1934-rudge-jap-speedway_1

Speedway originated in the 1920s in England and Australia but soon came to America; some famous American board track and dirt track riders raced abroad. Like other sports it was a bit of a traveling show with promoters taking a group of riders and their bikes on the road, sometimes even overseas. Today there are a few pockets of speedway racing in America.

Speedway racing is a form of dirt track, but run on shorter oval course of around 900 to 1300 feet in length, less than a quarter mile. The racing is run counterclockwise like short track, half-mile and mile dirt track racing. The F.I.M. controls track design for internationally sanctioned speedway racing. Track layout, banking and the actual dirt and gravel medium are all controlled for safety and uniformity of competition. Tracks may be banked, but the slope can’t exceed 5% in the straight, 10% in the curves.

The bikes are very short wheelbase with steeply raked forks for the short turns. The racing is fast and furious and the bikes are sideways for most of the track. Four to six riders compete in a given heat or race. Much like Supercross, the event is compact and lends itself well to spectating as opposed to mile dirt track or road racing where riders are often out of view for parts of a lap.

Looking at this Rudge, the bikes are very simple designs, this one with a sourced J.A.Prestwich (J.A.P.) engine. It’s a 500cc AMAL carbureted, methanol burning four-stroke single, with magneto ignition, for power. Originally engines were vertical but more recently “sloper” designs have dropped the center of gravity improving handling.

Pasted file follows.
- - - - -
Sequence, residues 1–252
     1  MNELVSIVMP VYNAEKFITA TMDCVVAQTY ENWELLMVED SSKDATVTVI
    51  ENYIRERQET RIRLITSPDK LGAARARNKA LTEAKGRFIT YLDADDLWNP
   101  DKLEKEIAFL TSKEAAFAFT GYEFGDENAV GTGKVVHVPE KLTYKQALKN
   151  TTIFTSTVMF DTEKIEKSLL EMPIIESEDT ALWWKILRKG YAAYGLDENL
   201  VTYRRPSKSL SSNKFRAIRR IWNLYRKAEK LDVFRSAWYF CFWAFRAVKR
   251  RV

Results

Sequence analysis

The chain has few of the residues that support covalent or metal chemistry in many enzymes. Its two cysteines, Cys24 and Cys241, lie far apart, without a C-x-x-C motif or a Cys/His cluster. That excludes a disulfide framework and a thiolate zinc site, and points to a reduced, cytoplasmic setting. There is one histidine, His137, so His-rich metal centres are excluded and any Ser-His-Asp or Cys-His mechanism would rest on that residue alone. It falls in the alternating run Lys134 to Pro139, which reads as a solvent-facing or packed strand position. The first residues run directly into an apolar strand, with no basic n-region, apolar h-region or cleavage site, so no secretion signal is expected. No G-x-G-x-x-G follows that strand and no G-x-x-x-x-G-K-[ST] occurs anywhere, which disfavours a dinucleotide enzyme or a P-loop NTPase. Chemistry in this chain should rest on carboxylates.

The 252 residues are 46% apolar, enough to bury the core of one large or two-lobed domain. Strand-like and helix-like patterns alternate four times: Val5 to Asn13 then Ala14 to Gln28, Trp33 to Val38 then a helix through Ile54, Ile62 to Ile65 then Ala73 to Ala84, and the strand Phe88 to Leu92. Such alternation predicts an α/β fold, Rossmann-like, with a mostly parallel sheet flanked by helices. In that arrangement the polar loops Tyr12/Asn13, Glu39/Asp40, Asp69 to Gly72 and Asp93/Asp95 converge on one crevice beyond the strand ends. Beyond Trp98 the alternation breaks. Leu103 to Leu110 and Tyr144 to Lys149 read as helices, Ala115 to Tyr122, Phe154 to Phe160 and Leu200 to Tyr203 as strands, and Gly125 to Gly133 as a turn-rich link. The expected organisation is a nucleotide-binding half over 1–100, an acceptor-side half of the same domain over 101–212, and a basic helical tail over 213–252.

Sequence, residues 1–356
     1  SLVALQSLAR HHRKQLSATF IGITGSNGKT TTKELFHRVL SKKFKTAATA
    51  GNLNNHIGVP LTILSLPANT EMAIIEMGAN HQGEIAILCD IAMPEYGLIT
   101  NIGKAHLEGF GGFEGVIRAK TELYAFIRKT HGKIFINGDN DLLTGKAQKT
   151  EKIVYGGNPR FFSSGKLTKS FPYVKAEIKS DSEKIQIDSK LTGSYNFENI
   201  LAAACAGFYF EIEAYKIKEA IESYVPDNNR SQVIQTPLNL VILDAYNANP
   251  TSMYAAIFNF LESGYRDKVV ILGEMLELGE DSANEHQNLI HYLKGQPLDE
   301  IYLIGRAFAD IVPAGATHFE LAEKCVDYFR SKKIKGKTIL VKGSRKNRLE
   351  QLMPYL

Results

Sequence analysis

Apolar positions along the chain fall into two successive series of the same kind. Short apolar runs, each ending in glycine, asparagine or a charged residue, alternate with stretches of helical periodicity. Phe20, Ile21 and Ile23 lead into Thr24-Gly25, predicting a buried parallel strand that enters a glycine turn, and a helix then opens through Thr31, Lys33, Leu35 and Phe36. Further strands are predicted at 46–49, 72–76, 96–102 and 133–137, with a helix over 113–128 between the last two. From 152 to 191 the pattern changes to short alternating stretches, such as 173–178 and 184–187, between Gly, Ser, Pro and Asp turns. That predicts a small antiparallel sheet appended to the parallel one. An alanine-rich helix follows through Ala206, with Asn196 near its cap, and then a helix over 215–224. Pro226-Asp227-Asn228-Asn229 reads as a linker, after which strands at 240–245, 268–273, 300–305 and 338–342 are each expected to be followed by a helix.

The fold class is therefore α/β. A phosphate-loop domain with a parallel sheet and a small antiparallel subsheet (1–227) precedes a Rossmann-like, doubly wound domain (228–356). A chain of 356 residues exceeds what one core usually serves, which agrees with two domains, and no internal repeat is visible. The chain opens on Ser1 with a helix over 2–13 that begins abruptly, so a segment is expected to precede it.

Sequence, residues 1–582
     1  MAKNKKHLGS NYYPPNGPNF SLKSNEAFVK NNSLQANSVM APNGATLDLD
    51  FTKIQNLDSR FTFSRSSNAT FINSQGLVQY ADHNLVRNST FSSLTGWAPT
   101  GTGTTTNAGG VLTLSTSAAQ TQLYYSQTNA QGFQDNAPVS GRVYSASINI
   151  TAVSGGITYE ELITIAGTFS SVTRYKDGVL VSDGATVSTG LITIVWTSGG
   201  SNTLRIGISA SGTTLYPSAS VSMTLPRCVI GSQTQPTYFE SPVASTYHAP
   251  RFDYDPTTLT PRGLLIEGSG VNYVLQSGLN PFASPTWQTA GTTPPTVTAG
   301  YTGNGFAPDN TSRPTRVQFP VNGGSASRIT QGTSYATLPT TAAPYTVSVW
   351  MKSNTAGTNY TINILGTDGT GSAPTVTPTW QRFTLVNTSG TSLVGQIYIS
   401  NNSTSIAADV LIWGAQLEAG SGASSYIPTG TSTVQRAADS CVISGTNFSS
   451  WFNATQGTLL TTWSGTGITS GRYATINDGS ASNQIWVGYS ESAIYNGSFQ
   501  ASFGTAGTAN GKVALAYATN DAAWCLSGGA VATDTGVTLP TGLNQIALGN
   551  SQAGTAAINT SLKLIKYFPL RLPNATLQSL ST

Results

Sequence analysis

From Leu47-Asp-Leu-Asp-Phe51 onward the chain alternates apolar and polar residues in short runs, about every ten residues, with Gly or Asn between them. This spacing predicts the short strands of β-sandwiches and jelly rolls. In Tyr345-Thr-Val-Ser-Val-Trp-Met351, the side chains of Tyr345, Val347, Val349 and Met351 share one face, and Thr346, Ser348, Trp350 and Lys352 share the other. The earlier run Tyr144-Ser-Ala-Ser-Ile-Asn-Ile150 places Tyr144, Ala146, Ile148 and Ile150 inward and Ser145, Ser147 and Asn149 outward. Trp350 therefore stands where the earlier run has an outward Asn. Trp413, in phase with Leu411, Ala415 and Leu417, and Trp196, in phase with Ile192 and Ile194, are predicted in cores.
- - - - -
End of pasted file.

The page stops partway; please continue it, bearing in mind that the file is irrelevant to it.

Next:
As you can see on this Museum bike, chassis are a rigid design with minimal front suspension travel. The wrapped hook just aft of the tank is a grip for the rider’s knee. This engine was supplied by J. A. Prestwich a British engine builder that supplied many cycle car and motorcycle makers, even Brough. The carb is a dual remote float AMAL system as methanol is burned at a high rate. A magneto supplies the spark. The lower portion of the cylinder has short cooling fins as alcohol makes for cool running and racing for only a couple of minutes generates very little heat.

Much like American dirt track racing bikes, until the mid-1960’s, no brakes are employed and there is no typical transmission, just an in/out jackshaft and a hand operated clutch. Bikes must weight at least 170 pounds, about 1/3 of the average street bike. This early bike is pretty typical with a short 52 inch wheelbase. Wheels are an unusual 28 inch diameter running narrow 2.75 inch speedway specific knobbies. FIM even regulates handlebar width to less than 850mm, less than 34 inches. Riders launch with a flag or timing lights and never shift gears. With speeds up to 70mph on the short straights, a race is over in what seems like seconds.

This fairly original Rudge Speedway bike is from the Jill & John Parham collection. It’s one of only two speedway bikes on display at the National Motorcycle Museum.

Specifications:

    • Engine: Air-Cooled, Four-Stroke Single
    • Design: Two Overhead Valves
    • Displacement: 497 cc’s
    • Horsepower: 32HP, Approx.
    • Lubrication: Dry Sump
    • Carburetor: Amal Remote Float
    • Ignition: Magneto
    • Starting: Bump
    • Clutch: Dry, Multi-plate
    • Primary: Chain Driven
    • Transmission: Jackshaft, “Gear” Reduction
    • Final Drive: Chain, Quick Change Hub
    • Frame: Tubular Steel, Cradle
    • Brakes: None
    • Wheels/Tires: 2.75 x 21 / 2.75 x 21
    • Wheelbase: 52 Inches
    • Weight: 185 Pounds, Est.
1 reply
  1. Andy
    Andy says:

    Thanks for this informative glimpse into the almost always insane sport of 2-wheel Motorsports! As always, when I take a minute to look over the specs I find something a trifle mind blowing.. in this case, the HP/displacement ratio- 34 horses out of not quite 500cc’s! That ratio is on a par with an 80’s Evo, or Shovelhead. On a bike weighing in at around 20% of a nice big twin, which is perfectly capable of some sphincter-tightening thrills and chills. Mighty nice window into the testicular fortitude of racers back in the day. Thanx again!

    Reply

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